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January 04, 2013

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Steve Diamond

But good evidence that college students are rational about their future prospects if they attend law school.

Susan Appleby

This drop is only the beginning as students get the message that schools lied about employment numbers for years. When applicants finally realize that a huge percentage of them are making a life long mistake by taking in six figures of debt to go to law school, this drop will seem minuscule.

The tide had turned. Students understand that only a handful of law schools can lead to employment that will allow them to repay the debt they undertook to attend law school in the first place.

I'm on board with the idea that no one should go to law school this year. Every single admitted student should put all the effort they planned to put into studying so the could be top 10%- sadly only a few 0Ls understand that means they have a 90% chance of not making that goal!!- into finding another career.

They should try to find a career that won't cost them hundreds of thousands of dollars in non-discharge able debt and three years. A person should only go to law school if they are sure they want to be a lawyer. At the very least, they should try to get decent jobs working with attorneys so they know what they are getting into.

People who get into the top schools have the best prospects. Why do you think the smartest students and highest scorers are largely abandoning law? Because they know law limits options at an unjustifiably high cost.

Everyone should understand the huge over saturation of the legal market.
There is no reason for a single person to go to law school this year.

Try as hard as you can to find something else. Law schools are not going anywhere. The option of law school will always be available. No way should law be your first move out of school.

john

Dan,

Where are you getting these numbers? From what I could find, LSAC hasn't published numbers broken down by first-time/retakes yet.

Not doubting your claim, just curious where this info came from (and if it is publically available yet).

Monterey College of Law Dean Mitchel Winick

The national dialogue regarding law school debt and big law firm jobs is long overdue. Graduates who are not in the top 10% of their graduating law school class have faced employment challenges for decades. However, it should NOT overshadow the fact that there remain valuable opportunities for lawyers in smaller communities and smaller law firms. Communities continue to need public service lawyers and the under served segments of our society remain under-represented in the justice system. The are opportunities to obtain a law degree without running up six-figures of debt if you are brave enough to set aside the false values created by the rankings.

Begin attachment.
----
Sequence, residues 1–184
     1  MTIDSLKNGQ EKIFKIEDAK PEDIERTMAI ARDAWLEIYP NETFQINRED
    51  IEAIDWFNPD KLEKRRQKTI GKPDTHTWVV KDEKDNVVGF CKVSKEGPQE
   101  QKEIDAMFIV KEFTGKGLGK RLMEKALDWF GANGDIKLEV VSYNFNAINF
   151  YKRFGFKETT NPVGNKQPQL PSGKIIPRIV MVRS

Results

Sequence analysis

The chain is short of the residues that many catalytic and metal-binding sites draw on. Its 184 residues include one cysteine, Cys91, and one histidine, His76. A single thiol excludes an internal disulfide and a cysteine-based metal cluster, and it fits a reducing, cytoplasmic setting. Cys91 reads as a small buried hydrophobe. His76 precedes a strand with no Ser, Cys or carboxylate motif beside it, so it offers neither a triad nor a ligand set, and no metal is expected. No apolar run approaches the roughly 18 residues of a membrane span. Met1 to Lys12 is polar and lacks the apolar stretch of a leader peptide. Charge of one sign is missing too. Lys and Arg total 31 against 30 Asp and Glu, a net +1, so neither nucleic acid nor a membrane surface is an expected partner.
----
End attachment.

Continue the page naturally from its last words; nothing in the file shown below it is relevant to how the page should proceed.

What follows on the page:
Santos L. Halper

Dean Winick:

Does your unaccredited, unranked, $775 per “semester unit” charging law school publish employment statistics?

Anon

And the attacks continue...

I am surprised anyone comments here anymore.

Santos L. Halper

I’m just curious as to how many of those brave enough to set aside the false values created by the rankings fare in the valuable opportunities for lawyers in smaller communities and smaller law firms.

Matthew Bruckner

"A person should only go to law school if they are sure they want to be a lawyer."

Sure? Students have to be 100% certain that they want to be a lawyer? That seems to go a bit far. I encourage students to think carefully about their choices, but anyone who suggests that near certainty is required would appear to counsel that people make almost never make any choices.

Seriously

A person should only go to law school if he knows subject-verb agreement.

Bob Strassfeld

Seriously, you might be on to something. That would reduce the number of law students significantly and help to bring the number of law students into greater balance with the number of available jobs. If we also eliminated all the students who split infinitives, we'd have a lot fewer exams to grade. Don't even get me started on passive voice.

Time Attendance

The diversity index is based on data collected by U.S. News. The methodology used to compute the index was published in a 1992 article by Philip Meyer and Shawn McIntosh in the International Journal of Public Opinion Research

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